In general, manual piloting skills still matter in UAV mapping. Most flight apps build what pilots refer to as “lawnmower” flight paths, sweeping back and forth over the target area at a relatively consistent altitude and maintaining a fixed camera angle. While this is great for capturing flat, multi-acre sites, it doesn’t give the drone a clear view of vertical structures. Using a flight app over a forest might result in a 3D model of trees with clear canopies but blurry, distorted trunks. To get around this, pilots may still supplement their automated flights with manual flights—letting the app survey the entire area from above, and then conducting manual flights that orbit tall structures to capture their side views or even fly underneath their overhanging surfaces.

That said, some companies have begun offering flight apps designed specifically for vertical structures, and they are likely to become more commonplace as the tech evolves.

How to choose your UAV mapping flight app?

There are many flight apps on the market, but they aren’t all necessarily suited to every UAV mapping mission. If you decide to purchase a flight app for your business, review these common but important features:

Drone Compatibility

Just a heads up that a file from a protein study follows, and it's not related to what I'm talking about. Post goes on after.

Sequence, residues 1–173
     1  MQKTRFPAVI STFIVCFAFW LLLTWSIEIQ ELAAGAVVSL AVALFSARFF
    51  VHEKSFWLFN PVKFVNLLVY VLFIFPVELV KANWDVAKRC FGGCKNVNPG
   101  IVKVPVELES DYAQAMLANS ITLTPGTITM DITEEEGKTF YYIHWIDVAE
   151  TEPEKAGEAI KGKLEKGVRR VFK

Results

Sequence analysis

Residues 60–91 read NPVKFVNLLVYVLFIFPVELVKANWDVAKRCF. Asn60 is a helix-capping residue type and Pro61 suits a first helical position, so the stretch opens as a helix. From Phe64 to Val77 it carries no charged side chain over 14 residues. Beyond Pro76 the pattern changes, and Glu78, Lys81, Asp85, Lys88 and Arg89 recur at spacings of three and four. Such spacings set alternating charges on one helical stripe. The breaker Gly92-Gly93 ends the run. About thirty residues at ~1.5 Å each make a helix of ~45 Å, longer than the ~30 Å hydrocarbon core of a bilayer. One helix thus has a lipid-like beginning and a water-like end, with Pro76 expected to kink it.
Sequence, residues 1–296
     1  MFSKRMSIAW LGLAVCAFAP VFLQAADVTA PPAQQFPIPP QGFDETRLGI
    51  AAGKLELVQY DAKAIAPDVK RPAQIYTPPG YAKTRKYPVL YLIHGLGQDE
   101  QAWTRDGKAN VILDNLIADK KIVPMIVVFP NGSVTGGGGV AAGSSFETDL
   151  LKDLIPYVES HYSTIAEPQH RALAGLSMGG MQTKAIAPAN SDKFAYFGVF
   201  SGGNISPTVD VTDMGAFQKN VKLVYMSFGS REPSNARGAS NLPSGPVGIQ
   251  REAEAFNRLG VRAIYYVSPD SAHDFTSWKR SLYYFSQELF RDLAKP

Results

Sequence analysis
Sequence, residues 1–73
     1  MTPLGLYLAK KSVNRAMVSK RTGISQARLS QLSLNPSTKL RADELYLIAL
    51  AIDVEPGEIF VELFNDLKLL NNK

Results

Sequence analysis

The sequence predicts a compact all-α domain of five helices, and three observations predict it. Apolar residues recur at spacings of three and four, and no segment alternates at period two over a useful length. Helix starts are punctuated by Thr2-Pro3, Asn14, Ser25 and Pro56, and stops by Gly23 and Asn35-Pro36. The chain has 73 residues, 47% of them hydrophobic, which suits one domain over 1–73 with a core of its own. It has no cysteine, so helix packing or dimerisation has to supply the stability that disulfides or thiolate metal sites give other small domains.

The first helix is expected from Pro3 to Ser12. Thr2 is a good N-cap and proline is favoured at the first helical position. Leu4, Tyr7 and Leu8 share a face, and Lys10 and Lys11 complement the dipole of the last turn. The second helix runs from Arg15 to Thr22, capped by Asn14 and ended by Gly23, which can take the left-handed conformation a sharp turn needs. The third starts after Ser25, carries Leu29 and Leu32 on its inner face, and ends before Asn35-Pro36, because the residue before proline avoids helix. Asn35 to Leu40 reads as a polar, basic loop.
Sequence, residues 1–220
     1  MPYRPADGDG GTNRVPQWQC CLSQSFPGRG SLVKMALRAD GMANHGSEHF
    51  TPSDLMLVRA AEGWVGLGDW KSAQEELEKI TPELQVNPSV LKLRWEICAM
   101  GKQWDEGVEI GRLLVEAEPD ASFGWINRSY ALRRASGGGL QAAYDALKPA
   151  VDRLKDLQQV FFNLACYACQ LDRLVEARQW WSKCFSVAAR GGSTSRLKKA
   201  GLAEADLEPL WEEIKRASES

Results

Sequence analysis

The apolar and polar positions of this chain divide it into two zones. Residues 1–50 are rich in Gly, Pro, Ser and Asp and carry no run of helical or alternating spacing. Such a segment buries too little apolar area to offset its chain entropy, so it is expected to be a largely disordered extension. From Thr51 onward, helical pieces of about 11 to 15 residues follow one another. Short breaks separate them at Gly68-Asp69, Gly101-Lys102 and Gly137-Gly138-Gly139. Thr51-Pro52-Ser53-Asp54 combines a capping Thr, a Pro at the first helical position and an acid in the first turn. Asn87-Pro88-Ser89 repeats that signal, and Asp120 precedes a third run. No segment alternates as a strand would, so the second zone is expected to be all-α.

Before choosing a flight app, make sure your drone is compatible. Some drones, especially new models, may not support all available apps. For example, the DJI Mini 2 was released in November 2020, but its users had to wait for a January 2022 firmware update before they could use any automated flight app. As of this writing, many app developers are still playing catch-up.

Waypoint Flight Planning

This is a core feature of flight apps, but it’s worth mentioning. Your app should have an intuitive map that lets you draw the target area using lines, points, and polygons, and monitor the drone’s real-time position during the flight.

Camera/Overlap Control

Flight apps tailored for UAV mapping also let you configure camera settings like angle, shutter speed, and ISO, as well as the overlap between photos.

Flight Restriction Overlays

This important safety feature lets you see TFRs and other no-fly zones on the map as you plan your flight and may even prevent you from plotting waypoints in illegal airspace.

Integration with Photogrammetry Software

The best flight apps are part of a larger UAV mapping suite and can save you time by automatically transferring your images from the drone’s SD card to your mobile device and from there to your photogrammetry engine for processing.

Optional: Vertical Structures

As stated above, most UAV mappers can supplement their automated flights with manual flights to capture the occasional tower, tree, and building. But if a significant part of your business is modeling vertical structures, it might be worth finding an app that offers more than the standard “lawnmower” flight paths. Be aware that you may have to pay a steeper price.

Final thoughts

We hope this post has demystified the concept of flight apps and convinced you of their value in UAV mapping/photogrammetry. Let us know if we’ve missed any important app features. Most of all, fly safely.